TOYOTA’S KAIZEN EXPERIENCE
“Human beings think our way is the best, but at Toyota, we are told we have to always change. We believe there is no perfect way, so we continue to search. The goal is to break the current condition through Kaizen.” - Shoichiro Toyoda, Chairman, Toyota Motor Corporation, in December 2000.
TOYOTA REINVENTS THE NEED FOR KAIZEN
In the early 1990s, the Japanese automobile major, Toyota Motor Corporation (Toyota) was facing acute labour shortage. The emergence of high wage jobs and a shortage of young workers due to the low birth rates in Japan in the previous two decades were the primary reasons for this. The number of women and aged people was increasing in the country’s labour pool. These people avoided heavy manufacturing work. Toyota’s strong focus on improving productivity and production efficiency over thedecades had created strained work atmosphere as the workers were reportedly over burdened. This led to an exodus of young workers from the company. In 1990, around25% of newly hired young workers left the company in their first year itself. To deal with the labour shortage problem, Toyota employed many temporary workers in the assembly plants. The ratio of temporary workers in the workforce soon reached more than 10% -some work groups had around 75% temporary workers. As these temporary workers werenot adequately trained, the annual working hours of the company increased, while productivity decreased
Further, according to analysts, Toyota management’s focus on increasing production efficiency by achieving higher production levels with less number of workers resulted in increased stress for the workers. This also played a major part in the worker exodus. Toyota’s problems increased with by the global upsurge in car demand during 1987-1991 because of which the demand for labour shot up. As high wage jobs were easily available to the limited pool of young male workers, many Toyota workers began to leave the company. To handle the crisis, Toyota radically changed its production management and human resource management practices. The company decided to change its working conditions to attract high school female graduates and workers over forty years. Toyota realized that it would have to rely on Kaizen for modifying its existing assembly lines to attract t worker.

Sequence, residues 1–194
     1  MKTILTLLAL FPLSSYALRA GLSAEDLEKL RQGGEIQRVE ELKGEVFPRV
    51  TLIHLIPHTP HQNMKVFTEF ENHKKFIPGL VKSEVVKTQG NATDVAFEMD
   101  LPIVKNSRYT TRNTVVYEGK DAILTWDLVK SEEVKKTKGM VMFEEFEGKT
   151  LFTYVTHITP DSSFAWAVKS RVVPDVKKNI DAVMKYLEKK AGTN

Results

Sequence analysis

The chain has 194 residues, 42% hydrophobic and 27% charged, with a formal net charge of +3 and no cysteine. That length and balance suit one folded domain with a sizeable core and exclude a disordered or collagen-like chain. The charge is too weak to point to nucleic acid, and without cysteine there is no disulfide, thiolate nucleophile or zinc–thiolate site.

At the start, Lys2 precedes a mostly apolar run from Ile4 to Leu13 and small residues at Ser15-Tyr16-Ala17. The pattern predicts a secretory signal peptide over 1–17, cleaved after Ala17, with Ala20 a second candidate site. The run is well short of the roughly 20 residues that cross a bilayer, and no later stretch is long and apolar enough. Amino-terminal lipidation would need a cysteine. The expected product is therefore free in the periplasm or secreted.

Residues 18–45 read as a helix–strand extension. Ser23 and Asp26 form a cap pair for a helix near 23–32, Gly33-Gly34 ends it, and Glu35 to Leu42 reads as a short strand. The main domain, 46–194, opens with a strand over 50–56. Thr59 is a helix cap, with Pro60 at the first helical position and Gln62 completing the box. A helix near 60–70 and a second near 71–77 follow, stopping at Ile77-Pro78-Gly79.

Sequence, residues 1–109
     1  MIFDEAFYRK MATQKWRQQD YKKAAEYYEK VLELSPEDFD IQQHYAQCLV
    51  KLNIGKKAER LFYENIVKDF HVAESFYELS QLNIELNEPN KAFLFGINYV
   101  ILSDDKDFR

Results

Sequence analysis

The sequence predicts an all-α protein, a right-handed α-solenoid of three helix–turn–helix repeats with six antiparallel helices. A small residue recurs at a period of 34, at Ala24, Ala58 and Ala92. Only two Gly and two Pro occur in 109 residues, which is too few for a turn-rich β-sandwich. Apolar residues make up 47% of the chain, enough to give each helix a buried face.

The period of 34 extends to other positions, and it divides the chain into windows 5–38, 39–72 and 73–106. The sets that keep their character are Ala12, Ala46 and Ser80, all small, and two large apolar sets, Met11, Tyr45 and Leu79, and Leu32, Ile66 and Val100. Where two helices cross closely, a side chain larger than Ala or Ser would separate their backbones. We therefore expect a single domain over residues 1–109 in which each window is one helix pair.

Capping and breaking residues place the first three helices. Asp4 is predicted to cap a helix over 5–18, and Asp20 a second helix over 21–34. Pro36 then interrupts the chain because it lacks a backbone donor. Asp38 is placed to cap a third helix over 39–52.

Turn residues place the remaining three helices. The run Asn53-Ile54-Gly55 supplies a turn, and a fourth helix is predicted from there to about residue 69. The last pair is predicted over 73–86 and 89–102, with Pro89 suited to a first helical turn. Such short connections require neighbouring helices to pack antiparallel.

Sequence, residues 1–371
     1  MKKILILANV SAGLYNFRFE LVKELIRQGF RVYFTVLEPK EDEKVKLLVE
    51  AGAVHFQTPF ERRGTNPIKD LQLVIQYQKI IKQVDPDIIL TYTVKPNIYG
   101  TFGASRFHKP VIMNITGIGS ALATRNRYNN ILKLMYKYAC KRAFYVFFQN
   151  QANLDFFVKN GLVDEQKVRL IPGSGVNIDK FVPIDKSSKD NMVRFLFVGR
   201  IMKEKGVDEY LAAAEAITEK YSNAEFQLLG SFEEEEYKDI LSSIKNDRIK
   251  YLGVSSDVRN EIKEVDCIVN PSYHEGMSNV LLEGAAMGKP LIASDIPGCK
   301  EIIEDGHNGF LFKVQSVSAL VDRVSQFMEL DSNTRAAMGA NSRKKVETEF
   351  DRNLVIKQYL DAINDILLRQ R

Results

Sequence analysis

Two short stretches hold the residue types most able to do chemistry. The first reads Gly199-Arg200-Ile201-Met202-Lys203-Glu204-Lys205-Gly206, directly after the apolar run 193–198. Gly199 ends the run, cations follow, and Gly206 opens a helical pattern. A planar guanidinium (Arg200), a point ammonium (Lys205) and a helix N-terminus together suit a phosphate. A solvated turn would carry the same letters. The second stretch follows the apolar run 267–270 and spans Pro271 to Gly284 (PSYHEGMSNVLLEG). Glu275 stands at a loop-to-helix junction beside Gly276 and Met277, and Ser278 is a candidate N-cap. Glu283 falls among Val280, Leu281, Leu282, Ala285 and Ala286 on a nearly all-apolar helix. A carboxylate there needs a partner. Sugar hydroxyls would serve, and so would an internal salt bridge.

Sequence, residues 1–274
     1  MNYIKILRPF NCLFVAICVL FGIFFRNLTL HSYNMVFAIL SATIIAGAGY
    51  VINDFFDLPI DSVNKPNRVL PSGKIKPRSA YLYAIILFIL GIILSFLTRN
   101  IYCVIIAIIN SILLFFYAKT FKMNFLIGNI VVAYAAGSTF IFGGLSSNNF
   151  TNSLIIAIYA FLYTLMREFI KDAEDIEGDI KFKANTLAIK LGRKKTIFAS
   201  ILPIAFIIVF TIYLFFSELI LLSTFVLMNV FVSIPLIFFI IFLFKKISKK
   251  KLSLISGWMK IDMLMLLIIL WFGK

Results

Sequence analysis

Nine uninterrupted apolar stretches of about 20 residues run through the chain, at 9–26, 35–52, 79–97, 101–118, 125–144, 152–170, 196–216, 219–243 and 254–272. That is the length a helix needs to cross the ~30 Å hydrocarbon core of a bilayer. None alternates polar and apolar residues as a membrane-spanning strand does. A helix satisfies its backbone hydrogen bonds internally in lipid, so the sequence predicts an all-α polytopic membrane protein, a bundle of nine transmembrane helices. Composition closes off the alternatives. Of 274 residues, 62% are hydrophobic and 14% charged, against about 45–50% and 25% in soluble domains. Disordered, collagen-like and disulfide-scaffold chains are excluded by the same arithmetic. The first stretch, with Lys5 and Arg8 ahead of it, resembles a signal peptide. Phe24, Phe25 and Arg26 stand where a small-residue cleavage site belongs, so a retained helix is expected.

Toyota’s history goes back to 1897, when Sakichi Toyoda (Sakichi) diversified into thehandloom machinery business from his family traditional business of carpentry. Hefounded Toyoda Automatic Loom Works (TALW) in 1926 for manufacturing automatic looms. Sakichi invented a loom that stopped automatically when any of the threads snapped. This concept of designing equipment to stop so that defects could be fixed immediately formed the basis of the Toyota Production System (TPS) that went on to become a major factor in the company’s success.In 1933, Sakichi established an automobile department within TALW and the first passenger car prototype was developed in 1935. Sakichi’s son Kiichiro Toyoda (Kiichiro ) convinced him to enter the automobile business. After this the production of Model AA began and Toyota Motor Corporation was established in 1937. Kiichiro visited the Ford Motor Company in Detroit to study the US automotive industry. He saw that an average US worker’s production was nine times that of a Japanese worker. He realized that the productivity of the Japanese automobile industry had to be increased if it were to compete globally. Back in Japan, he customized the Ford production system to suit Japanesemarket. He also devised a system wherein each process in the assembly line of production would produce only the number of parts needed at the next step on the production line, which made logistics management easier as material was procuredaccording to consumption. This system was referred to as Just-in-Time (JIT) within the Toyota Group. The JIT...
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